A tall order
In the drive to make Hong Kong a world-class city, the first essential is harmony among all those working towards the same goal.
Both protagonists in the current spat between private architects and the Director of Architectural Services, Pau Shiu-hung, are calling for higher standards. Is it not simply a question of the two sides sitting down together and reaching a consensus about the easiest means to achieve that?
As Mr Pau points out, ways round restrictive regulations can usually be found by using a little creativity. Quite often, those are the challenges that produce the best results. But it is equally true that rules can be out of tune with the times. When building laws have been on the statute book for 40 years they should be reviewed to see how relevant they are to modern conditions. Building materials, technology, architectural design and living standards have altered out of all proportion since then, and regulations ought to keep in step with development. The 1960s is hardly noted as a high point in architectural achievement in any case.
It is all very well to cite, as Mr Pau does, the Bank of China and the HSBC building as examples of excellence. The difficulty in this glass-towered metropolis is finding anything else which comes near those structures for innovation or sheer flair. The most telling comment on Hong Kong's cityscape is the joke that the Cheung Kong building next to the Bank of China is in the box it came in. Tall and square seems to be the blueprint for skyscrapers, with neon lighting at night to disguise the monotony of so much of the skyline.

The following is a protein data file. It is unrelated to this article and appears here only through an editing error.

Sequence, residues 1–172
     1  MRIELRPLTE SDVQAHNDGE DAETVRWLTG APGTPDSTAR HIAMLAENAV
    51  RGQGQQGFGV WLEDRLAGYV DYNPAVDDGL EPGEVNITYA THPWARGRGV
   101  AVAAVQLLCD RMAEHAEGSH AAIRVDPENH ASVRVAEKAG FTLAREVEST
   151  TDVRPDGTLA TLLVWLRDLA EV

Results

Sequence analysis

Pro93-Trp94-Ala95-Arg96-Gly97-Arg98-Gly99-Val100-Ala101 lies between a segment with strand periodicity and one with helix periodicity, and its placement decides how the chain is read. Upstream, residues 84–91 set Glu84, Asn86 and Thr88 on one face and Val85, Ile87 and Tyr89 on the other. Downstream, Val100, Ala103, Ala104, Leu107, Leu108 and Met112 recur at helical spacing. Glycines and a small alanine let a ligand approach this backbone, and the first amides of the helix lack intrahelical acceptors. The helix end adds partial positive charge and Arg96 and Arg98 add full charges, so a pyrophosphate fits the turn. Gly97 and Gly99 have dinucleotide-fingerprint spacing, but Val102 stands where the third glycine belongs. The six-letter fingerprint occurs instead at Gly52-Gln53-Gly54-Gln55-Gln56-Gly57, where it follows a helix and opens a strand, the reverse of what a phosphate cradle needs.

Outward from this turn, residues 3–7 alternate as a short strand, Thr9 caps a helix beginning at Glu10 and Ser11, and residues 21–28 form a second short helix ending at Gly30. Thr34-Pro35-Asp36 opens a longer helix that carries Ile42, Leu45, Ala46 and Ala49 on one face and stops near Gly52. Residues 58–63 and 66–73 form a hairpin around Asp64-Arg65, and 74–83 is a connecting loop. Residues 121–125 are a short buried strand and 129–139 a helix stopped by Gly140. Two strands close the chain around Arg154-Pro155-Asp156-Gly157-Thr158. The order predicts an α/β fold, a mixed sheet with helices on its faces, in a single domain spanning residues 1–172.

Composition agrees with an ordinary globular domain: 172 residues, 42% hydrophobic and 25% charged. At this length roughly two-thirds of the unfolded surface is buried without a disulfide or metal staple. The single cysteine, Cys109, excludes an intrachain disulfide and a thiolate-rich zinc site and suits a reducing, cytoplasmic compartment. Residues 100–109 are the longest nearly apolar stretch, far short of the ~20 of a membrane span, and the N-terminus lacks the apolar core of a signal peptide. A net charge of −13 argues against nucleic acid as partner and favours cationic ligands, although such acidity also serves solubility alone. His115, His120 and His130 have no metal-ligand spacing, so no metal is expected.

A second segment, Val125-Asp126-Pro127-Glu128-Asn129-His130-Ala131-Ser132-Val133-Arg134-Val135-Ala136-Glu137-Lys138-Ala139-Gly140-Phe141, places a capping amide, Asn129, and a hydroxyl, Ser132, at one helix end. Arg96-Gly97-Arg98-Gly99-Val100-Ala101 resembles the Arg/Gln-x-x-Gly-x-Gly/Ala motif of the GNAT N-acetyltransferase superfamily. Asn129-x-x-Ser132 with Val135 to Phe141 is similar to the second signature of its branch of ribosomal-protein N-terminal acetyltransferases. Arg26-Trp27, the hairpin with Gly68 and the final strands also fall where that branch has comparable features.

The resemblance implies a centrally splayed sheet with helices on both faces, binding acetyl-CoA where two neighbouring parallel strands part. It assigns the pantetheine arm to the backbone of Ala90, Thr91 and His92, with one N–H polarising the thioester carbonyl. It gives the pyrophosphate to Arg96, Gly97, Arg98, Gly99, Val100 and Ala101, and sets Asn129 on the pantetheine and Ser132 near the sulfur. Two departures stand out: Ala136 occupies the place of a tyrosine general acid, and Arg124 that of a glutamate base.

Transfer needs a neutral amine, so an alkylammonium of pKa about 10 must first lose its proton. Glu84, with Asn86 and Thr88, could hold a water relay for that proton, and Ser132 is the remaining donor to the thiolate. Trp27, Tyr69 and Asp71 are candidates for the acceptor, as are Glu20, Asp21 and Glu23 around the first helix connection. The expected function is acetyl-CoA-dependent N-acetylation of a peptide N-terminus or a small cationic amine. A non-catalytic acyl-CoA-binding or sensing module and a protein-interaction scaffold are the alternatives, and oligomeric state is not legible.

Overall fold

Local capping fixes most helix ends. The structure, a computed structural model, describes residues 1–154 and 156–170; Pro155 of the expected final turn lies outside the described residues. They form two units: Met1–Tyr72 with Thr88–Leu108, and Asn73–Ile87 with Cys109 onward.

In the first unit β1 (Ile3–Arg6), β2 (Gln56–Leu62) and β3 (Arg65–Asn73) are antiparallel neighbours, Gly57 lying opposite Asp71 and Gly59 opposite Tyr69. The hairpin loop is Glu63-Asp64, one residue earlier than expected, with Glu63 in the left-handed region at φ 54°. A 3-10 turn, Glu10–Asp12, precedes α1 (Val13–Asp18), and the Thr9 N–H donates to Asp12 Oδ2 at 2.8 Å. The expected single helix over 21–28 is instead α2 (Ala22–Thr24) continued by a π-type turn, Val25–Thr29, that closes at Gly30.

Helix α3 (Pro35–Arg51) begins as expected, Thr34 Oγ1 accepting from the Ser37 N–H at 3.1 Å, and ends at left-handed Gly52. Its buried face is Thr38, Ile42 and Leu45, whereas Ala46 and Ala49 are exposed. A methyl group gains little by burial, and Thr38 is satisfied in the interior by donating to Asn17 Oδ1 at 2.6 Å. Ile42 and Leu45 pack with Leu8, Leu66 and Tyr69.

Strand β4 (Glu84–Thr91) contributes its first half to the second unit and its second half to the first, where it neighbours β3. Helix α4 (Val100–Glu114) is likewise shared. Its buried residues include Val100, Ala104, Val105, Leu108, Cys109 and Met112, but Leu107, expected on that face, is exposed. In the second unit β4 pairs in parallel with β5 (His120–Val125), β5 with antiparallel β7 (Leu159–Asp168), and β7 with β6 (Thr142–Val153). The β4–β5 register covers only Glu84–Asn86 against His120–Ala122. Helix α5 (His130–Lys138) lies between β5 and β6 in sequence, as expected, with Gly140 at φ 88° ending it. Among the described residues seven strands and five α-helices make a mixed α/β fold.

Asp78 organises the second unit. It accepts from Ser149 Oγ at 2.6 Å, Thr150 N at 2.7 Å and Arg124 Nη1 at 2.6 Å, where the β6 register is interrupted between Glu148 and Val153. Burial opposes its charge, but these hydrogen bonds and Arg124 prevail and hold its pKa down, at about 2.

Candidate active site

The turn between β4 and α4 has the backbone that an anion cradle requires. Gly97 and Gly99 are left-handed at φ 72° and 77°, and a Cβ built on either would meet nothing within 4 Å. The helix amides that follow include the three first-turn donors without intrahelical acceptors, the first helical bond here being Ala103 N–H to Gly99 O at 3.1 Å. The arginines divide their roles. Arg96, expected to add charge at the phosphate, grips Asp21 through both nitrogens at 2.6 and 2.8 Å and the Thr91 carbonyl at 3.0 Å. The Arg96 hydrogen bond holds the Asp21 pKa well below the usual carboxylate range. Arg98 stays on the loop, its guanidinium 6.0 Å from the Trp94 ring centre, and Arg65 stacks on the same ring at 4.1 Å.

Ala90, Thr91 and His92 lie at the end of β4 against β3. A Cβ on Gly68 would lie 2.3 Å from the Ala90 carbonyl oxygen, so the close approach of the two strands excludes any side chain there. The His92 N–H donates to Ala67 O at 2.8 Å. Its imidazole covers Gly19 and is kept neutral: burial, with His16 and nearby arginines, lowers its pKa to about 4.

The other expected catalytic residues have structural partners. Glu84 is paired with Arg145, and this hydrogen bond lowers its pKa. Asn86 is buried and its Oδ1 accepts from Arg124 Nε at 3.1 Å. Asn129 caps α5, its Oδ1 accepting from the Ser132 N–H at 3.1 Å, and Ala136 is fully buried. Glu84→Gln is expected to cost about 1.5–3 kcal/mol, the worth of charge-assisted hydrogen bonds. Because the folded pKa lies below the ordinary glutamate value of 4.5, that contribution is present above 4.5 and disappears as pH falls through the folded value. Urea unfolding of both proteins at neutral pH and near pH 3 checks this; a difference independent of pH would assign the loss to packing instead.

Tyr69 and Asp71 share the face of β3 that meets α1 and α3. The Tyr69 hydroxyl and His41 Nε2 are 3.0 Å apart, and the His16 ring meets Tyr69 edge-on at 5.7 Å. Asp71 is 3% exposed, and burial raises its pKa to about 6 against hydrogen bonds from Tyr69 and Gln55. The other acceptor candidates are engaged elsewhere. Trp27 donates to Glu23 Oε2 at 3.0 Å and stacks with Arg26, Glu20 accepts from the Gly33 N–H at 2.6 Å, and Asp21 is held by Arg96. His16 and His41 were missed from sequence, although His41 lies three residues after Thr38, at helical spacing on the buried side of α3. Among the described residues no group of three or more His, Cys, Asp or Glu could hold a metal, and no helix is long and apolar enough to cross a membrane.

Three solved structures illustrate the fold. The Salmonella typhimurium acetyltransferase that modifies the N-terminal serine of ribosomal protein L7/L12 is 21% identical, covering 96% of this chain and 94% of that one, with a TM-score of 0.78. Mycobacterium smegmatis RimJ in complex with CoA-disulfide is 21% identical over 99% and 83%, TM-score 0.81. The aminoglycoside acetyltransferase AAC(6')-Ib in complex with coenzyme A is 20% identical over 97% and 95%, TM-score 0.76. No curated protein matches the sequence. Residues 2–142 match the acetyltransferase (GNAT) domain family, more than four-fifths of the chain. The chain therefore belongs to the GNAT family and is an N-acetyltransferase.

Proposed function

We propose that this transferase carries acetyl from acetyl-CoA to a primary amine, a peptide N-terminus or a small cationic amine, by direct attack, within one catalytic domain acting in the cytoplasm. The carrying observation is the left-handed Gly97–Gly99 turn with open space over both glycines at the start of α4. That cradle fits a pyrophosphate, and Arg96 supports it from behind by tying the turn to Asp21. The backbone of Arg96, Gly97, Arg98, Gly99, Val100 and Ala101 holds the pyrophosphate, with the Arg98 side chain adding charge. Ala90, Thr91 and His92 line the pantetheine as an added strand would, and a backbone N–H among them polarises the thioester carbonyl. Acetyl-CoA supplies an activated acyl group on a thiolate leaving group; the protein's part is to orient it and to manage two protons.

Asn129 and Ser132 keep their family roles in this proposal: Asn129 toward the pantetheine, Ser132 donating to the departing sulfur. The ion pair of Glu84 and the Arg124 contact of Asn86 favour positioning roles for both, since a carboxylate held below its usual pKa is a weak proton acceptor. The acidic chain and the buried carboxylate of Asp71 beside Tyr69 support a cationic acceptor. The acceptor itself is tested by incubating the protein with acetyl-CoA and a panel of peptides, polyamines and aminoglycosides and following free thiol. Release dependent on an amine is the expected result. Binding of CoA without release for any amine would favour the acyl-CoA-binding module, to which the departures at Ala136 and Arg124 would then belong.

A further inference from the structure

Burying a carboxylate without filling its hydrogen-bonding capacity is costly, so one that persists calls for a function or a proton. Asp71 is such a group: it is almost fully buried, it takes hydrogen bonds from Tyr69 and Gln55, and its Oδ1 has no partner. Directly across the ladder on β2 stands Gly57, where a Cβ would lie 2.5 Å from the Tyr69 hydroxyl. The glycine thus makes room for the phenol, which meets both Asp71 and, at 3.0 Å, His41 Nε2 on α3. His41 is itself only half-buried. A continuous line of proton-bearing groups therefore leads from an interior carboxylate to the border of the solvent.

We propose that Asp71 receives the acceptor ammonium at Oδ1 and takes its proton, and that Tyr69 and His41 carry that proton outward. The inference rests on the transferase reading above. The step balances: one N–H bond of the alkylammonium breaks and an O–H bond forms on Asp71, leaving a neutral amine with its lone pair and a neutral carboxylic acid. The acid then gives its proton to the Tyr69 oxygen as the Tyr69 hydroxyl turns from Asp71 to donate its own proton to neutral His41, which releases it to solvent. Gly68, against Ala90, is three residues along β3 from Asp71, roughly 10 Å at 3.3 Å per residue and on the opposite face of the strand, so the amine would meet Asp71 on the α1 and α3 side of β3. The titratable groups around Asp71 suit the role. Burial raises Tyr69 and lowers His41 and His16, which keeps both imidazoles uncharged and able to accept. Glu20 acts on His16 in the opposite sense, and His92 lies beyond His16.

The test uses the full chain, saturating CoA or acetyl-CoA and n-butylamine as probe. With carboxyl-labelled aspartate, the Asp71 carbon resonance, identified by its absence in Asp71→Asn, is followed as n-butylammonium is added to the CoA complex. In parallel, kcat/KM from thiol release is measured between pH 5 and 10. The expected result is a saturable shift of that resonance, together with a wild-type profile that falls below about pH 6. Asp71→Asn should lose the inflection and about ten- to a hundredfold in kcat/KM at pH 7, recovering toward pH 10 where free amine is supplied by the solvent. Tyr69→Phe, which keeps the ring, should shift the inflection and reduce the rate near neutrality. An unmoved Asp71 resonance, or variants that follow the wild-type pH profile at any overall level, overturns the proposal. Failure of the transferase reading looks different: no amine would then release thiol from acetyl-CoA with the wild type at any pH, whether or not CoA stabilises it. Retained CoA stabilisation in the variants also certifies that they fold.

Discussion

But only the chosen few will ever be commissioned to build on the grand scale for major companies who want prestigious headquarters. The rest tend to be workaday structures rented out as office space, so there is no prior pride of ownership. And given the property slump, there is perhaps little incentive for architects to come up with anything new, much less develop a style of domestic architecture which is unique to Hong Kong.
But there are encouraging signs of progress. Notably the green approach to new housing design and the work going on at Chinese University to produce a blueprint for the schools of the future. The contest to find the best plan for West Kowloon harbour front should produce some innovative ideas. With so much redevelopment around, there is an unrivalled opportunity for creativity - buildings designed to be aesthetically pleasing, in harmony with the environment, embodying something of local culture and tradition, and good to look at and live in.
Most of all, the SAR needs an open debate on architectural standards, so that the seven million crowding into this topographically challenging corner of China have the best living conditions possible.